In computing, a Uniform Resource Identifier (URI) is a string of characters used to identify a name or a resource on the Internet. Such identification enables interaction with representations of the resource over a network (typically the World Wide Web) using specific protocols. Schemes specifying a concrete syntax and associated protocols define each URI. (Excerpt from Wikipedia article: URI)

2.9

remote working

Telecommuting or telework is a work arrangement in which employees enjoy flexibility in working location and hours. In other words, the daily commute to a central place of work is replaced by telecommunication links. Many work from home, while others, occasionally also referred to as nomad workers or web commuters utilize mobile telecommunications technology to work from coffee shops or other locations. Telework is a broader term, referring to substituting telecommunications for any form of work-related travel, thereby eliminating the distance restrictions of telecommuting. A person who telecommutes is known as a "telecommuter". A frequently repeated motto is that "work is something you do, not something you travel to". (Excerpt from Wikipedia article: Remote working)

2.8

sparql

SPARQL (pronounced "sparkle") is an RDF query language; its name is a recursive acronym that stands for SPARQL Protocol and RDF Query Language. It was standardized by the RDF Data Access Working Group (DAWG) of the World Wide Web Consortium, and is considered a key semantic web technology. On 15 January 2008, SPARQL became an official W3C Recommendation. SPARQL allows for a query to consist of triple patterns, conjunctions, disjunctions, and optional patterns. (Excerpt from Wikipedia article: SPARQL)

2.8

web browser

A web browser or Internet browser is a software application for retrieving, presenting, and traversing information resources on the World Wide Web. An information resource is identified by a Uniform Resource Identifier (URI) and may be a web page, image, video, or other piece of content. Hyperlinks present in resources enable users to easily navigate their browsers to related resources. Although browsers are primarily intended to access the World Wide Web, they can also be used to access information provided by Web servers in private networks or files in file systems. Some browsers can also be used to save information resources to file systems. (Excerpt from Wikipedia article: web browser)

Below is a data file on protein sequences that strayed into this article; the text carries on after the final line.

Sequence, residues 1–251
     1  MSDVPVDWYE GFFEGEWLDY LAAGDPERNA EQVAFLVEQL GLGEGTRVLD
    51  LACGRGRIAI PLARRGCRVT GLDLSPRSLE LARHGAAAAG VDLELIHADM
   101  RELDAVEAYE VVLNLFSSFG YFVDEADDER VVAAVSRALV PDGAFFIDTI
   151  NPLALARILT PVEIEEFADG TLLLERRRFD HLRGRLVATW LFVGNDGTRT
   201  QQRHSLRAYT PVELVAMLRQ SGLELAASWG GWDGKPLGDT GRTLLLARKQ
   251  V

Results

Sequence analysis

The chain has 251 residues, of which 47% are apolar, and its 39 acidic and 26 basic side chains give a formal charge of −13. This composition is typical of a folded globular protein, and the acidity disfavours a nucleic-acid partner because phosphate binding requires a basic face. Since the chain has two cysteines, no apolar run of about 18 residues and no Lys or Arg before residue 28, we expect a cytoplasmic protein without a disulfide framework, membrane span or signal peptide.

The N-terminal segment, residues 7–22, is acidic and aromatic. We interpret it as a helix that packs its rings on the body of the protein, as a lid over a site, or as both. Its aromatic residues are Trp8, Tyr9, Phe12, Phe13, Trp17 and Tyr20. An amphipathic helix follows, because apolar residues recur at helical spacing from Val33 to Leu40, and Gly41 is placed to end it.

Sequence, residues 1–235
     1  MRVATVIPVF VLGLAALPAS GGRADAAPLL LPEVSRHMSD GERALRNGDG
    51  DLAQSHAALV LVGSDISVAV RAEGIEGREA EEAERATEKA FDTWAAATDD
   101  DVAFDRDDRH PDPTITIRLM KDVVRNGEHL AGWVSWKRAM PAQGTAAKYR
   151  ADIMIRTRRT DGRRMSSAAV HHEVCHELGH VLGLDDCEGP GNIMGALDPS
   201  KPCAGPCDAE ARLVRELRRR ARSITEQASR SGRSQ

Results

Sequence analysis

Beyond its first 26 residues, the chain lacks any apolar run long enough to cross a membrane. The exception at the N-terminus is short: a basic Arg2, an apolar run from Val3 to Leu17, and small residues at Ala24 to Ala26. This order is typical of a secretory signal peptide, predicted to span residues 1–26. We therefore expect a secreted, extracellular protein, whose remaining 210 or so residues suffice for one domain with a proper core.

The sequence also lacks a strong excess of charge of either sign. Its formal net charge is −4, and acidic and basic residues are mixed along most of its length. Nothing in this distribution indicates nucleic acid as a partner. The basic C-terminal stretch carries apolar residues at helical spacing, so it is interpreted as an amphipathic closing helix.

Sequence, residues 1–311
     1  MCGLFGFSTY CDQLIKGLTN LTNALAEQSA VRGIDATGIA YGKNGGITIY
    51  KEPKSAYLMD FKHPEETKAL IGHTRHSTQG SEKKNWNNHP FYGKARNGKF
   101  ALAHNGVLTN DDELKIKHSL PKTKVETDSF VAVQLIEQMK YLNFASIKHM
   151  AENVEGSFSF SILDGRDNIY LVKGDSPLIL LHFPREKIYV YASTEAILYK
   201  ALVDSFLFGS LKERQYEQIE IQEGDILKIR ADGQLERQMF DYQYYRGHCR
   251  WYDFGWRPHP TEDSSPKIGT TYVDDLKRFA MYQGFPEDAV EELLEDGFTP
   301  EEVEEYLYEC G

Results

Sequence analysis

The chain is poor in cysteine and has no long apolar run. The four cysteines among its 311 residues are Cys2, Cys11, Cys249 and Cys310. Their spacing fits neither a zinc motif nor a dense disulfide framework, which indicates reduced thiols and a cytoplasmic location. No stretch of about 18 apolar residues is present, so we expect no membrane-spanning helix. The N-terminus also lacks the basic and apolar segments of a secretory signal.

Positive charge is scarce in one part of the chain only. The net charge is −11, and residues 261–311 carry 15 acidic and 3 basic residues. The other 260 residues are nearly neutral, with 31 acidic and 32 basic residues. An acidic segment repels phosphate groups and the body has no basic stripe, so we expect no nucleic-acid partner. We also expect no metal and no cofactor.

2.7

css

Cascading Style Sheets (CSS) is a style sheet language used to describe the presentation semantics (the look and formatting) of a document written in a markup language. Its most common application is to style web pages written in HTML and XHTML, but the language can also be applied to any kind of XML document, including plain XML, SVG and XUL. (Excerpt from Wikipedia article: CSS)

2.6

information retrieval

Information retrieval (IR) is the area of study concerned with searching for documents, for information within documents, and for metadata about documents, as well as that of searching structured storage, relational databases, and the World Wide Web. There is overlap in the usage of the terms data retrieval, document retrieval, information retrieval, and text retrieval, but each also has its own body of literature, theory, praxis, and technologies. IR is interdisciplinary, based on computer science, mathematics, library science, information science, information architecture, cognitive psychology, linguistics, and statistics. Automated information retrieval systems are used to reduce what has been called "information overload". Many universities and public libraries use IR systems to provide access to books, journals and other documents. Web search engines are the most visible IR applications. (Excerpt from Wikipedia article: Information retrieval)

2.6

standards

A technical standard is an established norm or requirement about technical systems. It is usually a formal document that establishes uniform engineering or technical criteria, methods, processes and practices. In contrast, a custom, convention, company product, corporate standard, etc. which becomes generally accepted and dominant is often called a de facto standard. (Excerpt from Wikipedia article: Technical standard)

2.6

tagging

In online computer systems terminology, a tag is a non-hierarchical keyword or term assigned to a piece of information (such as an Internet bookmark, digital image, or computer file). This kind of metadata helps describe an item and allows it to be found again by browsing or searching. Tags are generally chosen informally and personally by the item's creator or by its viewer, depending on the system. Tagging was popularized by websites associated with Web 2.0 and is an important feature of many Web 2.0 services. It is now also part of some desktop software. (Excerpt from Wikipedia article: Tagging)